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Old 17-10-2011, 13:25   #1
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How Do I Judge My Own Experience Level ?

Hey guys. This is a pretty abstract question, and more of a sanity check... I sail a Catalina 34 out of San Francisco and my brother and I have been gradually getting bolder as we venture a bit farther from the bay. Rationally, I think I'm ready for these trips: I'm very vigilant with the weather forecasts, we have good equipment and safety items, I've had training at a maritime academy for a couple years, and I have countless sea days of crewing and skippering experience. I'm lacking a bit in offshore passagemaking experience in small boats, especially in heavy weather. Anyway, I'm still often (secretly) nervous before trips to the Farallones, etc, but I want to push myself a little to gain more confidence. Am I going about this the right way?
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Old 17-10-2011, 13:47   #2
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Re: How do I judge my own experience level?

Yes you are going about it the right way. Nothing wrong with being a little nervous as that just means you are paying attention.
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Old 28-01-2012, 22:20   #3
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Re: How Do I Judge My Own Experience Level ?

I think you are doing it right, taking baby steps and being cautious about everything. A little nervousness is a good thing. It means you care and don't think you know everything. It's the arrogant-ignorant people who think they know more than they do that get into trouble the most often.

You have the best type of attitude to have...cautiously pushing your comfort envelope a little bit at a time, remaining vigilant and never allowing familiarity to breed contempt.
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Old 28-01-2012, 22:49   #4
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Re: How Do I Judge My Own Experience Level ?

What Don and David said, +1.
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Old 28-01-2012, 23:00   #5
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Re: How Do I Judge My Own Experience Level ?

+2 -- you'll be fine.

Also, I feel that some sailors in the Bay Area lay it on a bit thick with machismo about experience and all of that. I have no idea why. So... just keep it in mind that, in any port, there are sometimes people on the dock who will tell you that you (or your boat) are not ready, or that the next passage is completely different from everything you've done before and will be the one that gets you. It's part of the color of the sailing community.
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Old 28-01-2012, 23:22   #6
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Re: How Do I Judge My Own Experience Level ?

The only point that jumps out is that you seem to trust the weather forecasts.

I'd expect some degree of suspicion if making long trips out of SF, and some sort of plan for dealing with much worse weather than forecast.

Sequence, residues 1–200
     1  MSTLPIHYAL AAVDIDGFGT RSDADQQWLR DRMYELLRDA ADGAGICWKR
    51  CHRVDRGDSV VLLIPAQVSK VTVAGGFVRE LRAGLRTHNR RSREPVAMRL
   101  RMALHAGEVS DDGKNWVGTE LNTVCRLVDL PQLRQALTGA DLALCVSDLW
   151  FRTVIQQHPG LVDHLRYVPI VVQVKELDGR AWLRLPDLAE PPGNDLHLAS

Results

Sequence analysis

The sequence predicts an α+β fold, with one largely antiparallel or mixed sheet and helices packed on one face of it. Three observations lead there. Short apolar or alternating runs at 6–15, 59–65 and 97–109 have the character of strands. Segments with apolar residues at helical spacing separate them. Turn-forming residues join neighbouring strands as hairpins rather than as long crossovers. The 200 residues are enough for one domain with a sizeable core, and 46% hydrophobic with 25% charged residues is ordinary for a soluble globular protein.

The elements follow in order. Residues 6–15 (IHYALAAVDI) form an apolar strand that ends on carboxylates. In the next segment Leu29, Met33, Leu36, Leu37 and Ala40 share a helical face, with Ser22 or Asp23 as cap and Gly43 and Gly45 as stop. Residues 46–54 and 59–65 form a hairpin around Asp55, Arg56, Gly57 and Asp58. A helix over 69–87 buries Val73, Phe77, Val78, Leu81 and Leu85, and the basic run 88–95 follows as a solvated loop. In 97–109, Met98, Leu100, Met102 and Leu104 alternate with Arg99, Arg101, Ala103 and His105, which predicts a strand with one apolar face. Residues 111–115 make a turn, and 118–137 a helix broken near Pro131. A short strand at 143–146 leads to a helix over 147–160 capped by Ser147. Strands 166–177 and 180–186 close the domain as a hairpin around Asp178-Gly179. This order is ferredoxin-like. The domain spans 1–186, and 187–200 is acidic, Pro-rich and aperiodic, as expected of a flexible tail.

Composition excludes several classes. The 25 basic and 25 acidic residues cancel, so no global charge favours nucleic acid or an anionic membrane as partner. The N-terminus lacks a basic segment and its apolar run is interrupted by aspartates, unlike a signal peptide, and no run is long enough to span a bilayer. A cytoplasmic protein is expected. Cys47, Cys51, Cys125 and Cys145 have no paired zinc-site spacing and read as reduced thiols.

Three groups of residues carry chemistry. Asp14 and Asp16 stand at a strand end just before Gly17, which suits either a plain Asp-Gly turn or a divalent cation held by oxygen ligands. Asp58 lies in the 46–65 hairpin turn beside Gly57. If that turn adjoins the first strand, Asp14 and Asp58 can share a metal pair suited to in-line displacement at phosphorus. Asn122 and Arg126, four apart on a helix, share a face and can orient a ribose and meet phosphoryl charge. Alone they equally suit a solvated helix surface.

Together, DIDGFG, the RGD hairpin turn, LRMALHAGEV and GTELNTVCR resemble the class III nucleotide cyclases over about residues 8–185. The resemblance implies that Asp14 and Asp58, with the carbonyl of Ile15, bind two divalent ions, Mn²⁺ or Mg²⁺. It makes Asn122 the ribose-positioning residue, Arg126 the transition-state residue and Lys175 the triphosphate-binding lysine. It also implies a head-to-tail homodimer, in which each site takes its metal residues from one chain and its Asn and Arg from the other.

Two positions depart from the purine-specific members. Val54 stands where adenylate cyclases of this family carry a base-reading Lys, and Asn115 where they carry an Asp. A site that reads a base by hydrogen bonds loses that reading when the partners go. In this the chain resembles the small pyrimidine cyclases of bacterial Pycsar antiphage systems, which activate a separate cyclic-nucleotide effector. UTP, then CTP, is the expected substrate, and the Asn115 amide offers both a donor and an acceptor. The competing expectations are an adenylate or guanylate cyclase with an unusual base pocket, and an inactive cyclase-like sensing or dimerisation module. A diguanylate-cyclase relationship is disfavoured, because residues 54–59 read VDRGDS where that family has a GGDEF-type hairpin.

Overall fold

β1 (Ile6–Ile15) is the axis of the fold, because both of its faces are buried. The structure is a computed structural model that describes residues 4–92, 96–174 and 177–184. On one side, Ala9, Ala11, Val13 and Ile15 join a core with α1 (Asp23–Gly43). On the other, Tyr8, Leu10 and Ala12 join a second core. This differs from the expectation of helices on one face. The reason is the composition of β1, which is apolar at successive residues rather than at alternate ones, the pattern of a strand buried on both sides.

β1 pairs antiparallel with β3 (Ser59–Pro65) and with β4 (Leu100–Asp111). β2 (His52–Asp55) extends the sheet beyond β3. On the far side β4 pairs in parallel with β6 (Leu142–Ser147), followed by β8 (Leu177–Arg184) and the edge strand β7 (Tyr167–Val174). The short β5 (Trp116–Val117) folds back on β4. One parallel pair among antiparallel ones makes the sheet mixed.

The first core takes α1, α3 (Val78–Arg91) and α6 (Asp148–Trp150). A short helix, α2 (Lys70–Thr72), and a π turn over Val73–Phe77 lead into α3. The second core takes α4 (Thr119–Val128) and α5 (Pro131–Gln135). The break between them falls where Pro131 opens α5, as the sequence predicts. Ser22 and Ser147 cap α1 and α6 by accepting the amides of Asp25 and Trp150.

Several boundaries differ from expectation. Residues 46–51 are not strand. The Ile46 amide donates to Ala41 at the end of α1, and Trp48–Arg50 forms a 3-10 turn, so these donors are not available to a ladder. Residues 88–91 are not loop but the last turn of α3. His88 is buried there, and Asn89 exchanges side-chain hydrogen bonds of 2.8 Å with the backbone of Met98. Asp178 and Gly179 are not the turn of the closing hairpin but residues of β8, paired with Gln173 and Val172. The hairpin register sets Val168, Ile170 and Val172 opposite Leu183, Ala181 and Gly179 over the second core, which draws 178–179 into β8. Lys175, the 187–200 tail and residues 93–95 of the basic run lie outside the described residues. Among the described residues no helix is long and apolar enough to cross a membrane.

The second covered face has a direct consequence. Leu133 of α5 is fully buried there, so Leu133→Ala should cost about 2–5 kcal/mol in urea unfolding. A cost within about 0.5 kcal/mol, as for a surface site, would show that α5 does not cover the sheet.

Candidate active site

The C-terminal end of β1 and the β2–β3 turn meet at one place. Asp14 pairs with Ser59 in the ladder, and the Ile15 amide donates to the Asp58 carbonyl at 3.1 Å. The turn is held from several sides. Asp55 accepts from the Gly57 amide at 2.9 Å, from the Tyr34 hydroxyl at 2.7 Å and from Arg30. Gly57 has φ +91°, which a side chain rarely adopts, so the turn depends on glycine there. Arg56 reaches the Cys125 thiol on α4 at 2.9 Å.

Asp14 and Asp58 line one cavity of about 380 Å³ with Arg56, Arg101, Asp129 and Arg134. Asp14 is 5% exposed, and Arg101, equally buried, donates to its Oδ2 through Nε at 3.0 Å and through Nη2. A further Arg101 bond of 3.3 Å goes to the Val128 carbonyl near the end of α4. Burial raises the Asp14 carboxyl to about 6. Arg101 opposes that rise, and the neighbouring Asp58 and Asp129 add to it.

Here in Oz the BOM says
Quote:
Please be aware
Wind gusts can be 40 percent stronger than the averages given here, and maximum waves may be up to twice the height.
with each marine forecast.

Every so often one of the locals gets beat up and, yup, say they got hit by winds 40% stronger than forecast.

Our other really nasty trick here is that if the wave period is less than 8 seconds it's going to be a very, very unpleasant trip. Not mentioned in forecast.
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Old 28-01-2012, 23:29   #7
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Re: How Do I Judge My Own Experience Level ?

To answer your question, yes. You are doing fine.
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Old 28-01-2012, 23:29   #8
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Re: How Do I Judge My Own Experience Level ?

Bay sailing is not for wimps and going out to the Farallones.....hot stuff! I sail in So Cal waters......sailed out under the Golden Gate once.....one of the most memorable experiences of my life. You're doing good.
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Old 28-01-2012, 23:36   #9
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Re: How Do I Judge My Own Experience Level ?

HEH ! just sailing thru the Potato Patch to get to the Farallons is work in any sailboat ! you are doing Just Fine your sure beyond baby steps !! folks who have never done it ,don't know just how quick it can get Salty there !! Just my 2 cents Bob and Connie
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Old 28-01-2012, 23:59   #10
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Re: How Do I Judge My Own Experience Level ?

To paraphrase Muriel Blanchett (sp?) who wrote "The Curve of Time" most of us start out seeking to have adventures. Then we have a few, and spend the balance of our time trying to figure out how NOT to have adventures. Don't go looking for trouble, it will find you soon (and often) enough.